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  • Writer's pictureVesa Oja

Sointula 2006

4th Finglish trip August 2006 #4

Life was difficult and work in the mines was hard in the early 1900s at Nanaimo, Vancouver Island at the far western end of Canada. The local Finnish miners had heard of Matti Kurikka, a charismatic Finnish labour leader and invited him to lead an association of miners. The miners acquired land on Malcolm Island, northeast of Vancouver Island, and set out there in boats.

At first, 150 people settled there, braving severe conditions to create a new future as a utopian community named Sointula. The settlers, who called themselves the People of Kaleva - Kalevan Kansa, and elected as their leader Matti Kurikka, who instilled faith in their opportunities, even though the land was almost untillable. But they had jointly decided to achieve their ideal of a new kind of society, of which they could only dream in the mines.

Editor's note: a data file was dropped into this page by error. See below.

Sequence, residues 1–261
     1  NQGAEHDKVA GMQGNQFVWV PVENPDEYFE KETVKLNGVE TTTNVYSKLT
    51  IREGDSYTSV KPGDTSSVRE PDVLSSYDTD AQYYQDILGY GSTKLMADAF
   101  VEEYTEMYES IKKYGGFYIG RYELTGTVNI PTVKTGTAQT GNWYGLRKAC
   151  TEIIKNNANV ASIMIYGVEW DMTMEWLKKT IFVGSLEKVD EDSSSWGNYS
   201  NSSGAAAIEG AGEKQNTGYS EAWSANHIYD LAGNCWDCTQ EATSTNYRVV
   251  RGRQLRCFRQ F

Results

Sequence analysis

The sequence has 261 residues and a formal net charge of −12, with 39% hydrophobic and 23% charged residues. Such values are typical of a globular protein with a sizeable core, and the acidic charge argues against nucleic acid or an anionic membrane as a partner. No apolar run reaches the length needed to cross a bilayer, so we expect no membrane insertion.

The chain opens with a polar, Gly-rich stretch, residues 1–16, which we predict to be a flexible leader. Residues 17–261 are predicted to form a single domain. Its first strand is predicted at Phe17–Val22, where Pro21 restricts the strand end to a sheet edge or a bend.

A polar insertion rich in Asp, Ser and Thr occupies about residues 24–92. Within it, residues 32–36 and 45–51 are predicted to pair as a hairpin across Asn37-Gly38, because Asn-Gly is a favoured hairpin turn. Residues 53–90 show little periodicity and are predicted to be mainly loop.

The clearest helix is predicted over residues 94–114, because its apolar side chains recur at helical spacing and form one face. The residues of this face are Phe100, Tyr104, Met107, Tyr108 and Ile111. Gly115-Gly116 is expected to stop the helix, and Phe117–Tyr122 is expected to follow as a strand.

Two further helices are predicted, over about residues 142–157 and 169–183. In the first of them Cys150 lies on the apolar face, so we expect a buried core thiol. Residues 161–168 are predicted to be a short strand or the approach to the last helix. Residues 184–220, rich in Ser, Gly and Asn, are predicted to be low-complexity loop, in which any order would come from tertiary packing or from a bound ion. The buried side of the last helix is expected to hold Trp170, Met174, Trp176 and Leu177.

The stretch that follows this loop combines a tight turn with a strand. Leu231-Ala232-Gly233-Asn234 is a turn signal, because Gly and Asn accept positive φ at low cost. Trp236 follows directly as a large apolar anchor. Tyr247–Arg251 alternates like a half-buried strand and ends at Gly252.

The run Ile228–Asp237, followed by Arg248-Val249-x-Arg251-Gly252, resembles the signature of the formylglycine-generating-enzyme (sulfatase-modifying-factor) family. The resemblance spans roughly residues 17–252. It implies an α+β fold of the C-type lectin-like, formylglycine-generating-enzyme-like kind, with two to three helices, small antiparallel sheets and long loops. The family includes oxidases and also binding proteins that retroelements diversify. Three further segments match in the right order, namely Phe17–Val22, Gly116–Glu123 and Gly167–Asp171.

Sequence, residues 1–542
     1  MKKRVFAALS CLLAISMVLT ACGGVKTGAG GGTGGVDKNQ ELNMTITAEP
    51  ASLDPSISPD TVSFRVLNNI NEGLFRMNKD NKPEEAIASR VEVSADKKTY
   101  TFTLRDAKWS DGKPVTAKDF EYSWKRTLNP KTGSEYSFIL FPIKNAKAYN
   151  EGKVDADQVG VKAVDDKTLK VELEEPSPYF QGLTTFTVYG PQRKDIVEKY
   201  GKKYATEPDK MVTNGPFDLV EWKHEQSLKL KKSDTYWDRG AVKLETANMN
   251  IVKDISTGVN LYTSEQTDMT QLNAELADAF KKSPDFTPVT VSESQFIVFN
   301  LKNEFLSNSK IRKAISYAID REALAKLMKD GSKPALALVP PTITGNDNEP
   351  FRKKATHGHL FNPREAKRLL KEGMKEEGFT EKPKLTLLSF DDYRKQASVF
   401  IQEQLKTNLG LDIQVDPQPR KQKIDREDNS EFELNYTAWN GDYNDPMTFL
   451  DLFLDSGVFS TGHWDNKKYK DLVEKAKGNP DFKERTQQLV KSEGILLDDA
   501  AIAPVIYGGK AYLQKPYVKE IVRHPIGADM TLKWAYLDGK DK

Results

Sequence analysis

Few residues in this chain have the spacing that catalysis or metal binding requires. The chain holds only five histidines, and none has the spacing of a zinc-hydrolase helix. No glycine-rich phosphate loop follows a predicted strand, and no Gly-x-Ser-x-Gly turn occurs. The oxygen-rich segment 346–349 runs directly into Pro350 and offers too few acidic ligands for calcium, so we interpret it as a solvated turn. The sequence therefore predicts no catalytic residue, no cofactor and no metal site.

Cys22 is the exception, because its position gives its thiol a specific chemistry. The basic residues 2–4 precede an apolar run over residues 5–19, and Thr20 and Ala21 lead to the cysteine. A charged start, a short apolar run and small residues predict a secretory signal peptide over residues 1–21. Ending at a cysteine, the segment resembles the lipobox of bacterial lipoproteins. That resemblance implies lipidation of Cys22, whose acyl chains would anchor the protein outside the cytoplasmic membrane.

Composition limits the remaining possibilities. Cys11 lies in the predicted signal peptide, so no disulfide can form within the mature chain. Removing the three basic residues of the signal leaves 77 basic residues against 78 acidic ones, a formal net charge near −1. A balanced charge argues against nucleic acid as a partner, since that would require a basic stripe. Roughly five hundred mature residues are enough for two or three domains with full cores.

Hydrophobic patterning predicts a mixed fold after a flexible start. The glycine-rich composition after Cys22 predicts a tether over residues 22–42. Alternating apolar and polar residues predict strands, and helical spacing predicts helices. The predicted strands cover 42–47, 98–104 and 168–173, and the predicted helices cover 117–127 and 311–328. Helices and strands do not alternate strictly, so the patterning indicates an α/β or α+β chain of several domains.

Within a few years, the extremely difficult conditions, a fire that destroyed the colony’s dormitory and bad luck with finances undermined Kurikka’s position as leader. His ideas on gender equality spread outside the community and were thought to advocate the sharing of wives.

Finally, unsuccessful bridge-building ventures on the mainland wrecked trust in Kurikka’s leadership. Sointula remained in the hands of Kurikka’s former friend, A. B. Mäkelä, when Kurikka was forced to leave the island. There are still some 200 descendants of the Finns on the island, of whom approximately 40 speak Finnish.

Next Finn Slough British Columbia Canada

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